At the outbreak of World War II, Britain’s Royal Navy and her fleet of battleships would be at the forefront of her defense. Yet from a fleet of 12 battleships, ten were already over 20 years old, venerable veterans of World War I.
Extensive modifications throughout the 1930s allowed these ships to perform a vital service throughout the six long years of conflict, and further improvements made during the course of the war enabled them to hold their own against their German and Italian counterparts.
This book offers a comprehensive review of the development of these British battleships from their initial commissioning to their peacetime modifications and wartime service. Detailed descriptions of the main armament of each ship will offer further analysis of individual battleships’ effectiveness, discussing how the guns were manned when engaging the enemy. Describing HMS Warspite during the battle of Matapan in 1941, the author details how this British battleship, together with other Royal Navy and Australian vessels, defeated the might of the Italian navy so that they never again threatened Allied fleets within the Mediterranean. With specially commissioned artwork and a dramatic retelling of key battleship engagements, this book will highlight what it was like onboard for the sailors who risked their lives on the high seas.
This book is a good short history for those who want to know the basics of the early WW2 British Battleships.
German Battleships 1939-45, by Gordon Williamson
In this book, first, of a five-volume series covering the capital ships of the German Navy of World War II, Gordon Williamson examines the design, development, and operational use of the battleships used by the Kriegsmarine. The ‘Schlesien’ and ‘Schleswig-Hostein’ were used mostly as training ships until the end of the war when they took part in the bombardment of Soviet troop movements in East Prussia. The ‘Scharnhorst’ had a successful career until her sinking at the battle of the North Cape, and the ‘Gneisenau’ with her ignominious end as a block-ship. Bismarck’s short but glorious career and Tirpitz’s lonely vigil in Norway’s distant Fjords until sunk by RAF bombers using the massive ‘Tallboy’ bombs are also covered.
(German Battleships of WWII in action – Warships No. 23 is a good alternative for German battleships, but hard to find and only available in used condition.)
German Capital Ships and Raiders in World War II: From Graf Spee to Bismarck, 1939-1941 (Naval Staff Histories), by Eric Grove
This is a compendium of seven Naval Staff Histories which deals with operations by major German surface units. The actions described are: The destruction of the pocket battleship Graf Spee, by three Royal Navy light cruisers off the River Plate; the hunt for the Bismark; the Battle of the North Cape when Scharnhorst was sunk by HMS Duke of York in a snowy night action; the escape of the Gneisenau and the Scharnhorst up the English Channel through British defenses in the “Channel Dash”; the series of attacks Tirpitz by aircraft carriers; long-range bombers and midget submarines in her Norwegian lair; and the predations of disguised merchant raiders such as the notorious Pinguin.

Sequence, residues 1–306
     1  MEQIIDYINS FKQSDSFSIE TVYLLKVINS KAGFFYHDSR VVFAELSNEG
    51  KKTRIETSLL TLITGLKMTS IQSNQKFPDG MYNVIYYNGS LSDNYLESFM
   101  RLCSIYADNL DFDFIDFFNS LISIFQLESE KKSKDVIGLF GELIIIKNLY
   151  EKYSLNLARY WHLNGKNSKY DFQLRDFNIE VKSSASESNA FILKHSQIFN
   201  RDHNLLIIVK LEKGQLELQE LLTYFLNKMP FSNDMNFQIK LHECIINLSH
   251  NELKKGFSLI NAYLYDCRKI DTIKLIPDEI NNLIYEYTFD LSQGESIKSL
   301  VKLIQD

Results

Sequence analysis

This book is volume one of a two volume set.
German Capital Ships and Raiders in World War II: From Scharnhorst to Tirpitz, 1942-1944 (Whitehall Histories. Naval Staff Histories), by Eric Grove
This is volume 2 of this set.
By 1942 the Kreigsmarine was largely confined to harbour but none the less the Royal Navy still pursued it. In February 1942, two battlecruisers escaped with a daring, daylight sortie up the channel. Following this, there was a series of battles in Arctic waters that left the Scharnhorst sunk in a blizzard by HMS Duke of York and the Tirpitz capsized by giant bombs.
This second volume describes the disproportionate effort expended in trying to sink the finest warships ever built. The Prinz Eugen for example withstood a nuclear explosion after the war ended.
The Battleship Bismarck: Anatomy of the Ship, by Jack Brower
Bismark and her sister ship ‘Tirpitz’ were the largest and heaviest warships ever completed in Europe. Her one battle cruise was obviously the stuff of legends: She sunk the ‘Hood’ in just a couple of salvos.
Bismarck is perhaps the most famous warship in the world. The German battleship, 45,000 tons, was completed in early 1941 and went on to sink the ‘Mighty Hood’, the pride of the Royal Navy, in one of the most celebrated naval encounters ever. After a dramatic chase around the North Atlantic involving many units of the Royal Navy, Bismarck was finally brought to the big guns of the Home Fleet on 27 May and dispatched with gunfire and torpedoes. Before this, however, she was the most fearsome battleship in any European navy.
The ‘Anatomy of the Ship’ series aims to provide the finest documentation of individual ships and ship types ever published. What makes the series unique is a complete set of superbly executed line drawings, both the conventional type of plan as well as explanatory views, with fully descriptive keys. These are supported by technical details, photos, and a record of the ship’s service history. Complete with an extended ship’s plan on the reverse of a fold-out jacket. The books in this series are generally very good.
Jack Brower runs his own design and draughtsmanship company in Canada. He has spent months researching this book in the Bundesarchiv Kriegsmarine collection and through the original records of the shipyard of Blohm and Voss in Germany.
Battleships of the Bismarck Class: Bismarck and Tirpitz : Culmination and Finale of German Battleship Construction, by Bernard Koop and Klaus-Peter Schmolke
This book adds little
new knowledge to the existing information that is available on the Bismarck Class in a variety of other texts, but it contains most of what is also known elsewhere. The most valuable contribution of this book probably lies in the fine photographs, the diagrams, and internal schematics are however very small.
The design criteria and historical context discussion, what little there is, reflects some degree of revisionism via its use of often observed criticisms of the Bismarck Class’ design vs those used by other powers during WWII. Nonetheless, this discussion is not well detailed with regard to a host of specifics, most notably a detailed review of the ship’s immune zones vs certain shells at specified ranges. All and all, some fine photography, but very little new information.